Aaron remembers that he built a virtual backdoor in his code and says that he thinks the worldwide blackout was done intentionally (well, DUH.) Nora suddenly reappears and is welcomed by Charlie.
In a flashback to their Militia days, Miles and Monroe are together in a restaurant when it is bombed. While recuperating afterwards, Miles learns that Monroe has had the rebel bomber and his wife and three children killed in retaliation and as an example to other rebel forces. Monroe is pleased by his own actions, but Miles and Nora look on in dismay as the family’s coffins are being unloaded.
Back in the present, Monroe and Miles meet up and continue fighting and sniping at each other like two ex-lovers (because that’s what they do). Miles is still angry that Monroe changed for the worse once he came to power, and Monroe is still angry that Miles betrayed him, and whines that everything he did was for his friend. While they are bickering, a helicopter pops up and fires at them, causing them to run. A Militia soldier manages to knock out Monroe and then takes him back to camp under guard. There he is greeted by Neville, who snarls, “There’s been a change in management.”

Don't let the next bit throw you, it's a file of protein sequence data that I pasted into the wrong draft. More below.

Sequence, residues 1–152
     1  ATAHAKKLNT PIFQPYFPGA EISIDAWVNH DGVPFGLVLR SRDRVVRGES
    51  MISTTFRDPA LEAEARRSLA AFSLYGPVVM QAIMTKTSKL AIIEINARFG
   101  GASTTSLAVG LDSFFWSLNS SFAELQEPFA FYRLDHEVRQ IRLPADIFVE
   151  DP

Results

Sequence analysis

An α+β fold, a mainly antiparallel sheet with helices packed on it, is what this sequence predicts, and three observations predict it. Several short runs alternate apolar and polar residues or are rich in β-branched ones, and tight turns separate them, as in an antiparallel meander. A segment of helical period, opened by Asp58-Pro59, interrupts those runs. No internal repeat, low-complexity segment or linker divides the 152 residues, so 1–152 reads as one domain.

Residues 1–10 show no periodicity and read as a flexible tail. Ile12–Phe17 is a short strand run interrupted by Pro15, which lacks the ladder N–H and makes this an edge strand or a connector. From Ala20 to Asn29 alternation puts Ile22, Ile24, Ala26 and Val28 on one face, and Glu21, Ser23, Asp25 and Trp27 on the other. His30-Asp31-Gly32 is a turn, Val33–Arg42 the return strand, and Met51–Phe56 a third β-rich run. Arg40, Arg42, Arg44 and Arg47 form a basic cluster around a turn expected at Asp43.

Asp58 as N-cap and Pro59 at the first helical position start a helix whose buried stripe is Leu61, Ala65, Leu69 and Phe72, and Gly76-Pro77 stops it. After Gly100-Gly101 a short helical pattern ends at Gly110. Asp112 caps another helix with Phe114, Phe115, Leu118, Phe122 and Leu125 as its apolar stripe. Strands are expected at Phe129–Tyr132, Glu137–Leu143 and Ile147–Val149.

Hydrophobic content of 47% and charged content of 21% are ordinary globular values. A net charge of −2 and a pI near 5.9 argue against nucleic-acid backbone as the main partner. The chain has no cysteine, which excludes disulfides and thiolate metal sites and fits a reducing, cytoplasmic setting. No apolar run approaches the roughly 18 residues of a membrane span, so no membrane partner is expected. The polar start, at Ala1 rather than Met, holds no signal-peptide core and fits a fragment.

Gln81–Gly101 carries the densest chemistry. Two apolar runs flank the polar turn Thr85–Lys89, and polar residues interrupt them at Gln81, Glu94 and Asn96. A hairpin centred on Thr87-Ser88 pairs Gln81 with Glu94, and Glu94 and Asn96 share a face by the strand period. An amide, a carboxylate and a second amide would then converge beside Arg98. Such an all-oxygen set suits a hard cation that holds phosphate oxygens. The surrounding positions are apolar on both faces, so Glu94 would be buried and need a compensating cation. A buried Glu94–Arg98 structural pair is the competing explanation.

Monroe threatens to kill Neville and his wife and son, but his former captain is unfazed. Neville believes that Monroe has become deranged and has a “borderline erotic fixation” on Miles (worst kept secret EVER). He plans not to kill Monroe, but to put the General on trial. “You frighten, I inspire.” (Someone has read too many management books.)
Old buddy Miles comes to the rescue, removing Monroe’s handcuffs and saying, “We’re still brothers… and that’s never gonna change,” before telling Monroe to flee.